— P.'s Correspondence (From "Mosses From An Old Manse") • Nathaniel Hawthorne

... gamekeeper, having previously attracted that individual's attention by exclaiming, in a tone of easy familiarity—"Look out, Leggings!"—then, as the man, taken by surprise, and having some difficulty in saving himself from a blow on the nose, allowed the pot to slip through his hands, Shrimp continued, "Catch it, clumsy! veil, I never—now mind, if you've gone and bumped it, it's your own doing, and you pays for dilapidations, as ve calls 'em at Cambridge. Coming, sir—d'rec'ly, sir—yes, sir." So saying, he slipped down the pony's shoulder, shook himself ...
— Frank Fairlegh - Scenes From The Life Of A Private Pupil • Frank E. Smedley

... makes a knot difficult to undo; with it the ends of two strings are tied together, or a loop made at the end of a single piece of string, as in the drawing. For slip nooses, use the bowline to make the draw-loop. When tying a bowline, or any other knot for temporary purposes, insert a stick into the knot before pulling tight. The stick will enable you, at will, to untie the knot—to break its back, as the sailors say—with ...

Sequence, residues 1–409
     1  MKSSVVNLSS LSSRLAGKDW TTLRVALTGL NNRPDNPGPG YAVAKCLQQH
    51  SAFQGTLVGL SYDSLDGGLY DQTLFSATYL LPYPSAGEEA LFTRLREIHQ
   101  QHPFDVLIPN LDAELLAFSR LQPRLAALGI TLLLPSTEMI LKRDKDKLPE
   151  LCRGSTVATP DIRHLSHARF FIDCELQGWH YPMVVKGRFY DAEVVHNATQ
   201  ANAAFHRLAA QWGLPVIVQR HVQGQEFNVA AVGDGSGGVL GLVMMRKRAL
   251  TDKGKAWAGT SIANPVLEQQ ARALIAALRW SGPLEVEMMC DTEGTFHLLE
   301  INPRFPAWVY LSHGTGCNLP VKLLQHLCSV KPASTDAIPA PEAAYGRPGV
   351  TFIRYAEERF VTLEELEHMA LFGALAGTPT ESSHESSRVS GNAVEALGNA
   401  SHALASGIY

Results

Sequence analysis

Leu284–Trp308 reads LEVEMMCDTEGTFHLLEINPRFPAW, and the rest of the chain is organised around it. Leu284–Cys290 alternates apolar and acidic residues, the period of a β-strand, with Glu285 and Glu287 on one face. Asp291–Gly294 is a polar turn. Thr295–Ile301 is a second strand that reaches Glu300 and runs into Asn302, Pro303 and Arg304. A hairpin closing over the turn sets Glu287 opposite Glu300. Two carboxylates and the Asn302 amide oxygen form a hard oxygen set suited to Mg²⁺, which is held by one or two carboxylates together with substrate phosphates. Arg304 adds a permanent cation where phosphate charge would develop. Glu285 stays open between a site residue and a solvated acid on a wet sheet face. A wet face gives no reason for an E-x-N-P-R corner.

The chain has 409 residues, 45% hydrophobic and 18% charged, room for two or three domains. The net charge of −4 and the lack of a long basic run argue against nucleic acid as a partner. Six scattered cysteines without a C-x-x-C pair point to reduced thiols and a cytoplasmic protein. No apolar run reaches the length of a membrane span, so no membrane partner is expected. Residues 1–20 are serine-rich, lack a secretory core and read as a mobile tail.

— The Art of Travel - Shifts and Contrivances Available in Wild Countries • Francis Galton

... stepped out into the darkness. Once she fancied that she heard the farmer muttering to himself in the croft below and the harrowing thought crossed her mind that this was all some cunning plan on his part to lure her out of the house and slip the halter round her neck under cover of night. Her fears counselled her to return to the house and seek shelter from his mad frenzy behind lock and key, but the thought that Learoyd, if seized with a fit while exposed to the ...